Does your organization carefully fill out and retain I-9 forms for all new hires
? These are the forms completed to establish that new employees' documents have been reviewed to establish their entitlement to work in the United States. Failure to complete and maintain the forms can be costly, as illustrated by a recent decision from the 9th Circuit. The court affirmed civil penalties that had been imposed on an employer by U.S. Immigration and Customs Enforcement (ICE).
Employer hit with fine for I-9 deficiencies
Ketchikan Drywall Services, Inc. (KDS) is a small Washington employer with just four full-time and approximately 20 part-time employees. Sometimes drywall projects require more workers, so KDS brings on temporary employees as needed. The temps are required to go to the company's offices to provide information for their "Employment Eligibility Verification Forms," or I-9s, before beginning work on a project.
Over the years, responsibility for completing the I-9 forms was passed among nearly a dozen employees who had no particular training for the task. ICE had warned KDS of deficiencies following an I-9 audit
in 2000. In 2006, KDS hired a new comptroller who had I-9 training and tried to improve compliance with the required documentation. Then in 2008 came yet another audit.
The ICE audit uncovered numerous problems. According to the agency, KDS had failed to provide any
I-9 forms for 43 employees. It had also neglected to complete the attestation section of the forms (Section 1) for another 65 employees and to note the supporting documents (Section 2) for 110 more. Finally, there were 53 employees on whose I-9 forms Sections 1 and 2 were both lacking. When ICE proposed a civil penalty of $286,624, KDS requested a hearing before an administrative law judge (ALJ).
KDS argued at the hearing that it had substantially complied with I-9 requirements by retaining copies of the supporting documents for many employees, even if the related I-9 form wasn't completely filled out and signed. It said that ICE could determine the workers' legal status by examining the underlying documents. The ALJ wasn't persuaded by those arguments. He did determine, however, that ICE's evidence fell short on some violations and reduced the fine to $173,250. KDS appealed to the 9th Circuit, which covers Alaska, Arizona, California, Hawaii, Idaho, Montana, Nevada, Oregon and Washington.
Good-faith effort not enough
KDS again took the position that it had substantially complied with the intent of the I-9 requirements and that its deficiencies were technical rather than substantive. In many cases, the company had photocopied worker identity and legal status documents and stored them along with partially completed I-9 forms. At the very least, it argued, any penalty should be reduced because of its good-faith efforts to meet the spirit of the law.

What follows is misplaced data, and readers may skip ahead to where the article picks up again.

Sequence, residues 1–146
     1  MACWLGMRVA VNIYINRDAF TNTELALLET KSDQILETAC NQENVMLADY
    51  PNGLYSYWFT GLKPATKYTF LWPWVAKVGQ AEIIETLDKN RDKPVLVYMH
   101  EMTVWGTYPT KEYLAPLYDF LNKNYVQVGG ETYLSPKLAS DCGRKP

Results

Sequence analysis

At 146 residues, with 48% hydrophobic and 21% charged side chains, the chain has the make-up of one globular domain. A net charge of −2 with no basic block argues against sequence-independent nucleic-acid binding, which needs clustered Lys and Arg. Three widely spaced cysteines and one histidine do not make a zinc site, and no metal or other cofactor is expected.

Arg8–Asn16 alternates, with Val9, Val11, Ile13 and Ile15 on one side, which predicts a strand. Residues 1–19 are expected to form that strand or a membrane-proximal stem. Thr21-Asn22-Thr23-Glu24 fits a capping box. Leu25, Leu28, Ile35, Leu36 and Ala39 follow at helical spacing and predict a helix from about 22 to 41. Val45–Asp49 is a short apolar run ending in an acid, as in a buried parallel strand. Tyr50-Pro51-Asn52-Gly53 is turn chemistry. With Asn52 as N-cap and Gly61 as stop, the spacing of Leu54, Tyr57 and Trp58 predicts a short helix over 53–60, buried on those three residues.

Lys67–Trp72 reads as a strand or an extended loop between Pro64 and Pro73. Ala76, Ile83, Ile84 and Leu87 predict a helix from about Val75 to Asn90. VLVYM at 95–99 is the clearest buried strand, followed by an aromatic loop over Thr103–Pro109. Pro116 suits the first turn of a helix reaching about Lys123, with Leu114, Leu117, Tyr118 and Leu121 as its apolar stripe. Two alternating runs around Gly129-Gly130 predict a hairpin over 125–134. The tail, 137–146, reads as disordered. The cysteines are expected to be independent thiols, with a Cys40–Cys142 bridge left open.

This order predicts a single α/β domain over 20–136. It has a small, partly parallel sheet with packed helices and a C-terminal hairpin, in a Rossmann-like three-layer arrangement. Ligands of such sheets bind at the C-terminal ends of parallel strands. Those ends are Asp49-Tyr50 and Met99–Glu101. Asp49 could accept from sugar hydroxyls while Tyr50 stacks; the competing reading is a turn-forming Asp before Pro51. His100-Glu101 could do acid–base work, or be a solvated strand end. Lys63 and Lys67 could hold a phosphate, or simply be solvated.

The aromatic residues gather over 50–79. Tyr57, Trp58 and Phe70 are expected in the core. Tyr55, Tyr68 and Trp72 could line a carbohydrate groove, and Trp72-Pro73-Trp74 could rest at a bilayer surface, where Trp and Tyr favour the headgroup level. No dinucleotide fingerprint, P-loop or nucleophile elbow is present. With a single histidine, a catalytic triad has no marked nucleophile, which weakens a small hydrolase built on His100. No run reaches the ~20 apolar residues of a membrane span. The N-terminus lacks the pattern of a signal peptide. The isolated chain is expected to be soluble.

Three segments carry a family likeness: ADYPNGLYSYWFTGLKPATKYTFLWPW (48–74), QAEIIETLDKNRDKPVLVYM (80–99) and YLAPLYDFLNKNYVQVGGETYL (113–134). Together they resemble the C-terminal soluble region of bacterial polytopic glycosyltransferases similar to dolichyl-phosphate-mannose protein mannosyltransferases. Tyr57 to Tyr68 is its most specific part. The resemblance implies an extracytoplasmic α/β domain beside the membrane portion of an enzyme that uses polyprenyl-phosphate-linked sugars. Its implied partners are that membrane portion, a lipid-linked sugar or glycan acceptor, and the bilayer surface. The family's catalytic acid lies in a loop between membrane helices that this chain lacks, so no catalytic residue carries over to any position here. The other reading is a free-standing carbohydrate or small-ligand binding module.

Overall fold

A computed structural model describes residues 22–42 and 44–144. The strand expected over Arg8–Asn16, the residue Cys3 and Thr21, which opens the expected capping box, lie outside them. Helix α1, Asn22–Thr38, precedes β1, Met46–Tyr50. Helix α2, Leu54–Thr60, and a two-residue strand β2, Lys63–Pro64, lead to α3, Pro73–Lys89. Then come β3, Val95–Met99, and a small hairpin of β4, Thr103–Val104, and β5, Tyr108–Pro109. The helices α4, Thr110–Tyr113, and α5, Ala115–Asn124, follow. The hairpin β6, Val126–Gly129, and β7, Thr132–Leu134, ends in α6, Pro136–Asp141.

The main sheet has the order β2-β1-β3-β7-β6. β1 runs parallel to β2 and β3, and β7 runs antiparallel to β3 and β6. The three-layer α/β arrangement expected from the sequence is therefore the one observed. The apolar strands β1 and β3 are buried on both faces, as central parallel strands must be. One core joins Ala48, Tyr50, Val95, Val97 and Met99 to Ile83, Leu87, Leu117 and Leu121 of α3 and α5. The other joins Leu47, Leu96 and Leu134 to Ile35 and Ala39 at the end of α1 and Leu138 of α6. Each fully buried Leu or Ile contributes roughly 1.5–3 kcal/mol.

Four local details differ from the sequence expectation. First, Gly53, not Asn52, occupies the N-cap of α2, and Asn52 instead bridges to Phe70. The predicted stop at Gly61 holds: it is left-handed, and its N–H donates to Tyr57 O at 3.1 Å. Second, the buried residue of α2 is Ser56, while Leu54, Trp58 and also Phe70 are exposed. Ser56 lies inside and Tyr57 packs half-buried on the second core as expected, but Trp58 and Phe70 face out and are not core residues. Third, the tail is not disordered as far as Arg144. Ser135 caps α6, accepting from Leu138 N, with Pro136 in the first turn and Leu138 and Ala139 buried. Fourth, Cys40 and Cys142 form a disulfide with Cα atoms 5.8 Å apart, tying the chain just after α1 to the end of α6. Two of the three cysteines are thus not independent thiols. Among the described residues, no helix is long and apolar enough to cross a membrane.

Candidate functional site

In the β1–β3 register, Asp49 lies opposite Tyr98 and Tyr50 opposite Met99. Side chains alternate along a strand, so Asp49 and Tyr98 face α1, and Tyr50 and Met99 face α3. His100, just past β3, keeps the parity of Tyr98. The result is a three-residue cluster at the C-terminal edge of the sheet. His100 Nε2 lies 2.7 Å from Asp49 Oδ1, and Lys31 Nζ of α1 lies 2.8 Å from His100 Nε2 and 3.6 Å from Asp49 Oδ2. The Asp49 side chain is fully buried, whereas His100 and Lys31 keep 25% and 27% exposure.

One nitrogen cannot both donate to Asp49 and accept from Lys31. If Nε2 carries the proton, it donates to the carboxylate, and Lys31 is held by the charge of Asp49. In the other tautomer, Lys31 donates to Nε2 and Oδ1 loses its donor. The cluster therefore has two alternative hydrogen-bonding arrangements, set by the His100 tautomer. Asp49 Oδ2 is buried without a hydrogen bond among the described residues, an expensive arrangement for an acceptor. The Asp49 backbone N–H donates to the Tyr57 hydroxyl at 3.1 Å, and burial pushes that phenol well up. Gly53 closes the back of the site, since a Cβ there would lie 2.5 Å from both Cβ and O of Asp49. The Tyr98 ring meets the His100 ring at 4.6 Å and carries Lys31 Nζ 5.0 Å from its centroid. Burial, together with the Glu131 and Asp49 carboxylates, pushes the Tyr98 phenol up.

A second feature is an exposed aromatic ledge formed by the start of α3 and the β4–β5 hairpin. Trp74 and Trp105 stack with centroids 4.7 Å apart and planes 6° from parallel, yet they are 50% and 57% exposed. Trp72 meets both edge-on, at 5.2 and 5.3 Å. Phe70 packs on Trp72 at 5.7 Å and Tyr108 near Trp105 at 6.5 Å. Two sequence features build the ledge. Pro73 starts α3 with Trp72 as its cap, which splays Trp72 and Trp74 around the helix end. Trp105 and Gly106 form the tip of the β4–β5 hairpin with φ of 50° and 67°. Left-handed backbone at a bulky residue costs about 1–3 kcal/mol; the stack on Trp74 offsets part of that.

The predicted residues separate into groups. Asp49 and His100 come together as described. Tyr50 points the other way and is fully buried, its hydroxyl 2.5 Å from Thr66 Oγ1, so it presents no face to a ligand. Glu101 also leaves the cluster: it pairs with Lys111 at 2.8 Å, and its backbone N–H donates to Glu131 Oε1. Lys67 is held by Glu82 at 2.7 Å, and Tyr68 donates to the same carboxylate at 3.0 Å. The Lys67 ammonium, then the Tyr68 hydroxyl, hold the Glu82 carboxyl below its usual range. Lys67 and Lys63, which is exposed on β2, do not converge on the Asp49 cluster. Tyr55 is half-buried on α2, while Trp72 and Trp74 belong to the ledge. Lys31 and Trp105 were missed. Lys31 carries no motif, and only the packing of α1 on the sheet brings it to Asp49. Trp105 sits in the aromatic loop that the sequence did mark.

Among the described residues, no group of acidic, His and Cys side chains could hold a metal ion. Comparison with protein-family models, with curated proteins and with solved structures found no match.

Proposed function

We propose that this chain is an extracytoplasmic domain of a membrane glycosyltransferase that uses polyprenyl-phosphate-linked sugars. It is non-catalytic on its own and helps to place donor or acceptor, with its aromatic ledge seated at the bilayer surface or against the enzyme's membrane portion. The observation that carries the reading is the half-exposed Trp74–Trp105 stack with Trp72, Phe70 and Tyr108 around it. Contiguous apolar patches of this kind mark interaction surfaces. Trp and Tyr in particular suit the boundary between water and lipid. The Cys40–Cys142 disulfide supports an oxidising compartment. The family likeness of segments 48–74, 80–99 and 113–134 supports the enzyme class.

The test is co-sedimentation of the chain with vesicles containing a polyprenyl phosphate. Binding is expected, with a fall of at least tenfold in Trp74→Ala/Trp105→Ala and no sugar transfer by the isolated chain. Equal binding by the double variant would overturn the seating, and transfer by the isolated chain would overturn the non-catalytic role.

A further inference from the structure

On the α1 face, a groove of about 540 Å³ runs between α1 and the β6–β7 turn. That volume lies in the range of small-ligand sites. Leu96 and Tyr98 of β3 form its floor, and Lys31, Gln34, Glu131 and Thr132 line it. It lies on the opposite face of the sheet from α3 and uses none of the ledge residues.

The court looked to the specific language of the Immigration and Nationality Act, which requires all U.S. employers to verify within three days of hire that new employees are legally entitled to work in this country. Regulations under the Act call for employers to document their verification by completing the I-9 form, which records the documents presented by the employees and contains an attestation that the documents have been examined. Employers must retain the completed forms and present them for inspection by ICE on three days' notice.
The court noted its general deference to the agency tasked with enforcing particular requirements - in this case, ICE. ICE's decision would be overturned only if the agency had acted arbitrarily or capriciously. KDS claimed that its record keeping established the legal status of its workers and that ICE was arbitrary in insisting on "technical" compliance with the details called for on I-9 forms. It argued that the Act expressly permitted photocopying of supporting documents, implicitly suggesting retention of copies as an alternative means of compliance.
The 9th Circuit found KDS's position lacking. Copying of documents was no substitute for an employer's careful examination of and attestation to the legal status of each worker. Completion of the I-9 form ensures that the employer is engaging in the required review. And, the court noted, ICE shouldn't have to sort through documents to independently verify a worker's status. Regulations state that the I-9 forms are to be "fully" completed. Partial completion falls short, regardless of an employer's claimed "good faith."
The failure to check boxes, fill in alien registration numbers, and sign the attestation on the I-9 forms amounted to a substantive violation of requirements. Similarly, the omission of states of issue when a driver's license was used to establish identity was a serious matter even if, as KDS claimed, ICE should be able to deduce the state of issue from the configuration of the license number.
KDS also fell short when it rehired workers. In such cases, it sometimes cobbled together information from the worker's earlier I-9 with new information rather than completing a new form. The gravity of the violations went far beyond merely technical.
The 9th Circuit let the administrative penalty stand. Ketchikan Drywall Services, Inc. v. Immigration and Customs Enforcement,
Case No. 11-73105 (2013).
Lesson: Fill out I-9 forms carefully and completely
This case is a good reminder to understand and fully comply with requirements for completing I-9 forms for all new hires. If you think it's enough merely to be sure that your workers have legal status in the United States but fail to fill out the forms fully, you are risking a fine.
The detailed process is in place for a reason. Employees tasked with checking documents and completing the forms for your organization should have appropriate training and understand the importance of thoroughness. If you take these steps, you'll do fine when ICE comes knocking.This article was edited by Dinita L. James of Gonzalez Saggio & Harlan LLP.